At our appointment, we discovered that Melanie had gained some weight back! Not much but enough that the doctors were happy to let us continue on our own with a follow-up weighting appointment for later in the week. Once we were alone with the LC, she really focused on teaching my husband how to help me massage my breasts to break up the engorgement and get the milk flowing. She also taught me how to fix Melly’s poor latch by using my finger to force her lower lip down to where it was supposed to be. I left the appointment a little stressed out but slightly more confident.

For the rest of the week, the nights were still pretty crappy. Melanie continued to wake up screaming. The good news was that my engorgement lessened thanks 100% to The Boy’s personal mission to massage my boobs into submission. Every time I would nurse the baby on one side, he would be over on the other manhandling away. It was painful but it worked (By the way, he is willing to help out anyone else looking for assistance – reasonable rates!)! I could feel my breasts returning to their normal “consistency” and Melly didn’t fuss as long when she latched on. But I still felt like I wasn’t getting her enough to eat and she still supplemented after every nursing session with formula.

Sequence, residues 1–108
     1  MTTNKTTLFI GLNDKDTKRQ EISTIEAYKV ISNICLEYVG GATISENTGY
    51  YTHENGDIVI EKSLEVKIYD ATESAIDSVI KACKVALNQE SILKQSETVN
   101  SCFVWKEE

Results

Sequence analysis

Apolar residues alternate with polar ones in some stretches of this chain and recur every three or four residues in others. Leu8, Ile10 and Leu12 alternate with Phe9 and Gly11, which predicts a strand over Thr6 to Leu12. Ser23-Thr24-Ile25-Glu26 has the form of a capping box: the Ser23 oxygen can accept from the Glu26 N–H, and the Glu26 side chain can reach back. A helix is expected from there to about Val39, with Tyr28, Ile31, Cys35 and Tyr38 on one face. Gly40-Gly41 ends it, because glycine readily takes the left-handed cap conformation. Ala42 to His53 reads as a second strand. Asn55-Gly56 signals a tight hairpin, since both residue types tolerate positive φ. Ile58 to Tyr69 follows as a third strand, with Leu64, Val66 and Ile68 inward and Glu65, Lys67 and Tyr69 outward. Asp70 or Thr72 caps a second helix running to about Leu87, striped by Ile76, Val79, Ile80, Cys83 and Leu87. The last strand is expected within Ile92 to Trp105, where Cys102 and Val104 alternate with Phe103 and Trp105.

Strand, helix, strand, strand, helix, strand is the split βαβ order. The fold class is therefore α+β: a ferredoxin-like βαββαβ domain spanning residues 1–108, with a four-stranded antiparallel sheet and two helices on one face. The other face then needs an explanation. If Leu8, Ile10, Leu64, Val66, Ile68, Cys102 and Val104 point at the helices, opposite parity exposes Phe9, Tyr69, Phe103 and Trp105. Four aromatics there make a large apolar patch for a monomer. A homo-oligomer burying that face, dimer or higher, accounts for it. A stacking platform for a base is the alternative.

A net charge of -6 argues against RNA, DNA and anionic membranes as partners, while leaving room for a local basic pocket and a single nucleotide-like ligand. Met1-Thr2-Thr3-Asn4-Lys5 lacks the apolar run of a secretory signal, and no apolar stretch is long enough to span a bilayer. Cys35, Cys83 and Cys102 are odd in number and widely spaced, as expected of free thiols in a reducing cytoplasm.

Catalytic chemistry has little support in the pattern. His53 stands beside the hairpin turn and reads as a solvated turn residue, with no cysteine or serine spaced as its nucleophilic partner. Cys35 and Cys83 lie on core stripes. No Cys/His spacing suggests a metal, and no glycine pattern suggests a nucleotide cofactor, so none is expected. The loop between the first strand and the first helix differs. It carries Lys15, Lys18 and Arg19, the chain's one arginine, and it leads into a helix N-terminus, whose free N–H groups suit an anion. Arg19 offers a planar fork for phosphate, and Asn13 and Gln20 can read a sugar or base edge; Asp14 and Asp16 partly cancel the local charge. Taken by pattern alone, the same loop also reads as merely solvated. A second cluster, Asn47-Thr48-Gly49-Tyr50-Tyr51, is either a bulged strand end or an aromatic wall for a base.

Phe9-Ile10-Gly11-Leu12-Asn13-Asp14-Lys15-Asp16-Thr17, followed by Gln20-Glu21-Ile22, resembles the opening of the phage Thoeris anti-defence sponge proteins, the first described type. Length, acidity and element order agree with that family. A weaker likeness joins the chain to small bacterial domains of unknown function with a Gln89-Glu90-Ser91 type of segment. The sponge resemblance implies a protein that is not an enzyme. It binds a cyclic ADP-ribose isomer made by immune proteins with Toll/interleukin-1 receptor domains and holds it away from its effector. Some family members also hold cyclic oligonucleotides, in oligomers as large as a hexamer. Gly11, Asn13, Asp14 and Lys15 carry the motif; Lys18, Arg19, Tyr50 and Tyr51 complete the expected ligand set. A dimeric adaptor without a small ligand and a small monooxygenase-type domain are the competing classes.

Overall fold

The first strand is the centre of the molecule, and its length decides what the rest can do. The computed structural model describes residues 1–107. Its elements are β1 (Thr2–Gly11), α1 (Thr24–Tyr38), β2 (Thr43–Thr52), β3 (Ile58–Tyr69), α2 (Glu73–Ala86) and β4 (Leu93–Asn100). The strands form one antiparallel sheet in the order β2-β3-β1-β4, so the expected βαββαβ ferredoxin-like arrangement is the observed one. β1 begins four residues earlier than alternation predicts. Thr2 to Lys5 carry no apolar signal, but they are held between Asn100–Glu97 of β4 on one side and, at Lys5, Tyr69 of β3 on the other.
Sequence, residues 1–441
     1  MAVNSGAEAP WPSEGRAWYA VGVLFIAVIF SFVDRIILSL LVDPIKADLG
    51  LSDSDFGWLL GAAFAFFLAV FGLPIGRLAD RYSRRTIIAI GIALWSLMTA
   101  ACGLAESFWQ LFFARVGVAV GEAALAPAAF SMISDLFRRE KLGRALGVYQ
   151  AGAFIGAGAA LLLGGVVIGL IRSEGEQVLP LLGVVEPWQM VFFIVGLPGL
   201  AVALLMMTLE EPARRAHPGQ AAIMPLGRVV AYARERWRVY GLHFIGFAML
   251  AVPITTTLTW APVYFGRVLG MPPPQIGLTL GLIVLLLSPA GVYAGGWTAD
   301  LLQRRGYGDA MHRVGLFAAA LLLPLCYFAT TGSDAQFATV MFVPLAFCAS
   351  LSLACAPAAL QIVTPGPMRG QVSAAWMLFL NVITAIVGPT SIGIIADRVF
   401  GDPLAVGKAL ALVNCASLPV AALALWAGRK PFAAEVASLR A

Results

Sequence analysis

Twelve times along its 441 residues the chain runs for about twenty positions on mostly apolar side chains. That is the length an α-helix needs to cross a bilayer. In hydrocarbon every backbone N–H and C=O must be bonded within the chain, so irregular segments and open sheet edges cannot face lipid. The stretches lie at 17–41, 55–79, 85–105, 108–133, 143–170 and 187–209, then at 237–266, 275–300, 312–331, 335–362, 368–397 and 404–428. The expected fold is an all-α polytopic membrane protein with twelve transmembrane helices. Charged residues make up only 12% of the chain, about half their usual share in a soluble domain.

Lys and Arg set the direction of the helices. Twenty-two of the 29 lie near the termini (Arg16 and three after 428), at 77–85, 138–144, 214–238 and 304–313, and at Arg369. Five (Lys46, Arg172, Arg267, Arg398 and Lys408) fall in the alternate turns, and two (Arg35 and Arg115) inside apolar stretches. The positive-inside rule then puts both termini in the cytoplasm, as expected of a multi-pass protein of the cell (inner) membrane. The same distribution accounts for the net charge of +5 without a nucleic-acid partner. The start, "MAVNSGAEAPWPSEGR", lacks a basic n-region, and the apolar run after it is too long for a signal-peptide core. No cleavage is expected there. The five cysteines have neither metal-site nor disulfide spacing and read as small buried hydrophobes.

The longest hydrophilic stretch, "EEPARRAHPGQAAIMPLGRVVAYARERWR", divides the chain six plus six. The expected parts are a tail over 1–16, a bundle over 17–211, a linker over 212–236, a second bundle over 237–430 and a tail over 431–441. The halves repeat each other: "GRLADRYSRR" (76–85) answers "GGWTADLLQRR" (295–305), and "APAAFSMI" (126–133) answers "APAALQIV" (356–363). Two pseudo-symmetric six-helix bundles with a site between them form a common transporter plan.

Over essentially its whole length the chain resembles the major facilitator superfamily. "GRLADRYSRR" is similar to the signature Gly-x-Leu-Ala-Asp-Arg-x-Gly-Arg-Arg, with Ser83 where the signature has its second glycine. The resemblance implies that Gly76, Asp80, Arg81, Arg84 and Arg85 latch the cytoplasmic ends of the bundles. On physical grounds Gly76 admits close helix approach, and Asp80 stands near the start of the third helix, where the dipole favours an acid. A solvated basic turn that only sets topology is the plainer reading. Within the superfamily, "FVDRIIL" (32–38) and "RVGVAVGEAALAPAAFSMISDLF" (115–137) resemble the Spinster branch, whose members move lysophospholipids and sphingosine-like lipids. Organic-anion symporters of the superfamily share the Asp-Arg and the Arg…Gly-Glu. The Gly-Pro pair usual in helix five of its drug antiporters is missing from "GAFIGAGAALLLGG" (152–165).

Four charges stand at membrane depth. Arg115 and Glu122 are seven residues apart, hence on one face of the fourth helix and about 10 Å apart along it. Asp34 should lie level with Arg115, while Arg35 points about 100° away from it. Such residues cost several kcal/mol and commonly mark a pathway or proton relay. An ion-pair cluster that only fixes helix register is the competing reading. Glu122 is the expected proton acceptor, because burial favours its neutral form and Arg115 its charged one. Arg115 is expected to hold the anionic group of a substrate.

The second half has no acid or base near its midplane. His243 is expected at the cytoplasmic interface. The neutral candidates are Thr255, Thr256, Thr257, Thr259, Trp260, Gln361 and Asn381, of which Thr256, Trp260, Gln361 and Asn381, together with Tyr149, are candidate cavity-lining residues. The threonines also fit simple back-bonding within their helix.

At our “last chance” weighing appointment with the LC and doctor, we got good news. Melanie was back to her birth weight! I nearly cried, I was so happy. We were given permission to feed her on her own schedule and phase out the formula. I was encouraged to continue to use the nipple guards for as long as I needed to and not to stress out about her getting enough to eat because she was. We were sent on our way – MUCH happier than we had been since she was born.

Melanie and I have been exclusively breastfeeding since her third week. Now, we’re both old hat at it. I was able to stop using the nipple guards around her sixth week and my nipples rarely hurt anymore. Melanie continues to be about three weeks behind other exclusively nursed babies on her breastfeeding milestones but she is growing like a weed so the doctors aren’t concerned. We’re so good at breastfeeding now that I’m even pumping a small supply for a friend to have once her baby gets here (I don’t want her to have to supplement with formula like I did). And nursing Melanie in my bed in the morning is one of my very favorite things about being a mom.

Basically, what this big ass post boils down to is… breastfeeding is hard. If you really want to do it – you have to fight a battle to succeed. But always keep in mind that any breastfeeding is good breastfeeding. And frankly, ANY way you feed your baby is The Right Way. After all, there are people in this world who don’t feed their baby at all.

Did you struggle with feeding your baby?